He could and did come out with "Murphy's Law" observations like:

*There's proof that light travels faster than sound - some people appear bright until they speak;

*He who laughs last thinks slowest;

*Change is inevitable except from a vending machine;

*The good things that are left for those who wait were left by the ones who came first, or

*A fine is a tax for doing wrong. A tax is a fine for doing well.

We could use several pinches of his humor in today's hate filled political world.

REMINDER: IT'S STILL LENT

Lent is moving right along, and Easter is only a month away. For those who aren't doing anything special to prepare their souls for the joy of Easter, it's never too late to start.

Instead of giving up something, how about doing something?

Read about a lady who resolved to do one good deed every day of Lent, and must say that's a fine idea. Her rule for herself was that it couldn't be the same good deed every day, it had to be a new one.

Good for the heart, good for the soul, and actually a lot harder than you'd think, especially if you don't allow dropping coins in a donation box to replace actually doing a good deed or passing along a kind word.

ON THE SOAP BOX - GREY HAIR BRIDGE

Found this on the web, and thoroughly agree:

"They like to refer to us as senior citizens, old fogies, geezers, and in some cases dinosaurs. Some of us are "Baby Boomers" getting ready to retire Others have been retired for some time. We walk a little    slower these days and our eyes and hearing are not what they once were. We worked hard, raised our children, worshiped our God and have grown old together.

 "In school we studied English, History, Math, and Science,  which enabled us to lead America into the technological age. Most of us remember what outhouses were, many of us with firsthand experience. We remember the days of no telephones or party-lines, 25 cent gasoline, and milk and ice being delivered to our homes, because there were ice boxes, not freezers.

"We listened to the radio because there was no TV. 

"We are probably considered old fashioned and outdated by many, but there are a few things you need to remember before completely writing us off:

"We won World War II, fought in Korea and Vietnam, kept our nation free, and kept prosperity growing. 

"We can quote the Pledge of Allegiance, and know where to place our hand while doing so. 

 "We wore the uniform of our country with pride, and lost many friends on  the battlefield. 

"We didn't fight for the Socialist States of America; we  fought for the "Land of the Free and the Home of the Brave."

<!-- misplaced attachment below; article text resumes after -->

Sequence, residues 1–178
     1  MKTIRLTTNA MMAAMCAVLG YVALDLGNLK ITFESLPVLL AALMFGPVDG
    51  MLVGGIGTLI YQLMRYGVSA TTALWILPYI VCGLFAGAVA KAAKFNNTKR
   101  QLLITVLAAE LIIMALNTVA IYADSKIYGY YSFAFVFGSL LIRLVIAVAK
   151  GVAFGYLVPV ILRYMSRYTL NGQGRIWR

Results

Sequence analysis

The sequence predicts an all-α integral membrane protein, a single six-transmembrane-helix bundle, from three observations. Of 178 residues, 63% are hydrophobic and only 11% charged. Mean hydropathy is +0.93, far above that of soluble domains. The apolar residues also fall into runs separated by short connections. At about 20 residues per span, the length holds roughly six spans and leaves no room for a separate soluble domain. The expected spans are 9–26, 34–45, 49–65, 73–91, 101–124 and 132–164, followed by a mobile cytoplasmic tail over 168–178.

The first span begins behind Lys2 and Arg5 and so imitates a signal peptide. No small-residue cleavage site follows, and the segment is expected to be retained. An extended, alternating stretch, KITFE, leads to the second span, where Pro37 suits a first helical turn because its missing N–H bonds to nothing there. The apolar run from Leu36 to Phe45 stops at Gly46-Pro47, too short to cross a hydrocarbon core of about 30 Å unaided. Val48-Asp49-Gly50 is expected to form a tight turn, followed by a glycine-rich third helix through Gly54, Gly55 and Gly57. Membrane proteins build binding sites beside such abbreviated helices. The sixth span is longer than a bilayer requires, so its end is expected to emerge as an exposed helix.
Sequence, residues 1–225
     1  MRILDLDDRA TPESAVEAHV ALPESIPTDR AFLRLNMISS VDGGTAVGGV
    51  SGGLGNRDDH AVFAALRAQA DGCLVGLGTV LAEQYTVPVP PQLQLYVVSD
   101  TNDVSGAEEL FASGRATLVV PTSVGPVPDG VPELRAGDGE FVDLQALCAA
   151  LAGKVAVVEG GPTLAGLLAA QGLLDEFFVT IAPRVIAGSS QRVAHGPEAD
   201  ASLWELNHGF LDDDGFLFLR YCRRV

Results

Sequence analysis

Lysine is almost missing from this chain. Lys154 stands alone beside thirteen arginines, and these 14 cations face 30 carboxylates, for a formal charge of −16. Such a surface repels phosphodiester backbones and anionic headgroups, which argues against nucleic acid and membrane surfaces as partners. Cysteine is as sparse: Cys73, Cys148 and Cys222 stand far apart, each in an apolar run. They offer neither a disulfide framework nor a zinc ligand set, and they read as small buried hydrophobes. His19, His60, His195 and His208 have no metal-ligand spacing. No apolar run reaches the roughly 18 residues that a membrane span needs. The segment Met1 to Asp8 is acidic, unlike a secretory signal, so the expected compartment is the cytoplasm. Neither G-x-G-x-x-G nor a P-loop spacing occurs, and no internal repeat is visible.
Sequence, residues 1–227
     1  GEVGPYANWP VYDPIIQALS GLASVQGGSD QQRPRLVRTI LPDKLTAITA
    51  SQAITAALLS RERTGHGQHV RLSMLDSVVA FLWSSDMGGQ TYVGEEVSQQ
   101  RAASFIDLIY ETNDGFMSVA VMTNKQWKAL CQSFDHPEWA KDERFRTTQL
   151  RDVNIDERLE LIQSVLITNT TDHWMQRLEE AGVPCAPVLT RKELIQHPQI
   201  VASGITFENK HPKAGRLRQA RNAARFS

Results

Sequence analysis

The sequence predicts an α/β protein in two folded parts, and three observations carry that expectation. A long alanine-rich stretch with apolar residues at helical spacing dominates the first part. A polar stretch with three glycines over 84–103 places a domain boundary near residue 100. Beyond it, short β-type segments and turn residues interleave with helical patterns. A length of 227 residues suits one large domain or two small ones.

"We wore different uniforms but carried the same flag.

 We know the words to the "Star Spangled Banner," "America," and "America the Beautiful" by heart, and sometimes you may even see tears running down our cheeks as we sing.

"We sent ships into space and landed men on the moon.

"We have helped feed the world, and provided a haven for the homeless who flourished in the freedom they found here;

"We have lived what many of you should have read in history books but sadly did not, and we feel no obligation to apologize to anyone for America. We are proud of what this nation has achieved.

 "Yes, we are old and slow these days but rest assured, we Old Geezers have at least one good fight left in us. We have loved this country, fought for it, and died for it, and now we are going to save it. It is our country and nobody is going to take it away from us. We took oaths to defend America against all enemies, foreign and domestic, and that is an oath we plan to   keep. There are those who want to destroy this land we love but, like our founders, there is no way we are going to remain silent.

 "It was mostly the young people of this nation who elected    Obama and the Democrat Congress. You fell for the "Hope and Change" which in reality was nothing but "Hype and Lies" from your college professors. With all the education we gave you, you drank the "Kool-Aid' and don't have sense enough to  see through the lies.

"Maybe you youngsters need to study history, taste socialism, and see evil, face to  face to understand that you don't like it after all.  

 "But don't worry. The Grey-Haired Brigade is here. We may drive a little slower than you would like, but we get where we're going. In 2016 we took back our nation, and in 2020 we're driving to the polls again by the millions. We're going to fight for our freedom at the ballot box.

 "The next time you have a chance to say the Pledge of Allegiance, stand up, put your hand over your heart, honor your country, and thank God for the old geezers of the Gray-Haired Brigade."

COOKIN' TIME

There's more to eat on St. Patrick's Day than Corned Beef, but maybe cabbage is essential.Try a couple of the recipes below.

MAPLE GLAZED CHICKEN

This recipe makes only about four servings, so if you have a hungry crew, better double it. Great with buttered rice and asparagus, even if the asparagus has to come from a can or a freezer at this time of year.

1/4 cup Hoisin sauce

1/4 cup soy sauce

1/4 cup rice vinegar

1/4 cup maple syrup

2 cloves garlic, minced

2 teaspoon minced fresh ginger

2 pounds chicken pieces (drumsticks or wings are perfect)

Combine Hoisin sauce, soy sauce, vinegar, maple syrup, garlic, and ginger. Add chicken pieces and stir well to coat. Place in refrigerator for 2 to 6 hours. Preheat oven to 375 degrees. Grease a baking sheet. Arrange chicken on prepared baking sheet and bake for 45 to 60 minutes or until well browned.

TURKEY SHEPHERD'S PIE